Russian prosecutors have warned Western companies that criticizing Moscow’s war on Ukraine could lead to their arrest Corporate leaders or confiscation of assets in the country.
People familiar with the matter said the companies that received the warning included Coca-Cola, McDonald’s, Procter & Gamble, IBM and Yum Brands. The Wall Street Journal.
The newspaper stated that the threats came in the form of calls, letters and visits threatening legal action against companies and confiscation of assets, including their trademarks.
Sources told the newspaper that the threats prompted at least one of the companies to restrict communications between its Russian business and the rest of the organization.
Since Moscow attacked Ukraine, many private companies From oil companies and retailers to sports organizations and the media, it has cut ties with Russia as the country becomes more isolated from the global economy.
“Russia’s attack on Ukraine is an act of aggression with tragic consequences across the region,” Helge Lund, BP’s president, said in a statement at the time of his company’s withdrawal last month, noting that it had worked with “remarkable” Russian colleagues. More than 30 years in the country.
However, this military action represents a fundamental change. This has led the BP Board of Directors to conclude, after a thorough process, that our involvement with Rosneft, a state-owned company, simply cannot continue.”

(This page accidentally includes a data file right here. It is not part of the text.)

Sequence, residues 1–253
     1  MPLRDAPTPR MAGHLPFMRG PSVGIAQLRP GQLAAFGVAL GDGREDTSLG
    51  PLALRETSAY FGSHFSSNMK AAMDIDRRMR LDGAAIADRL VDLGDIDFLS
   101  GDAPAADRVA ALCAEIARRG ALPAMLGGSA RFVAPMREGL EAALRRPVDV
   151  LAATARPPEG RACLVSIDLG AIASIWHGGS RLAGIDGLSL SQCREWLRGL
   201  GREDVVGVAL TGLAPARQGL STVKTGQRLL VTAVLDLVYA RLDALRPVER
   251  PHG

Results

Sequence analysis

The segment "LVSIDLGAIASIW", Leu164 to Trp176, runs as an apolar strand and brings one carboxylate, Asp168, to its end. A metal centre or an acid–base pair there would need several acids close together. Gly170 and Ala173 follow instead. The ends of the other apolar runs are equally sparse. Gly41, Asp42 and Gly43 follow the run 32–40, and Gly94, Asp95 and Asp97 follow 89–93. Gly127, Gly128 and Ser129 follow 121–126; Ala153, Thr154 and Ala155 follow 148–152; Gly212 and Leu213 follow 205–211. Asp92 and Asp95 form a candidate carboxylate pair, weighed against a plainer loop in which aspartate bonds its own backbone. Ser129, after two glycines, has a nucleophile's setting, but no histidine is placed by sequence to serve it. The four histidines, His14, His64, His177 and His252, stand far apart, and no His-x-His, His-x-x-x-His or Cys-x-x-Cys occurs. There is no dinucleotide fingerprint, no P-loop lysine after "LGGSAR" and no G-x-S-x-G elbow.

Last week, the Russian President Russian President Vladimir PutinVladimir Vladimirovich Putin: Trump cries in Biden amid Ukraine conflict Bipartisan group of senators meet with officials and visit refugee sites in Poland Republicans capture gas price hike amid Ukraine conflict More They expressed potential support for a law that would allow the Kremlin to nationalize the assets of foreign companies leaving Russia as a result of its invasion of Ukraine, a move the White House said. warning against on Friday.
“Any extralegal decision by Russia to seize the assets of these companies will eventually lead to more economic pain for Russia,” Psaki wrote on Twitter. “It will amplify the clear message to the global business community that Russia is not a safe place to invest and do business.”
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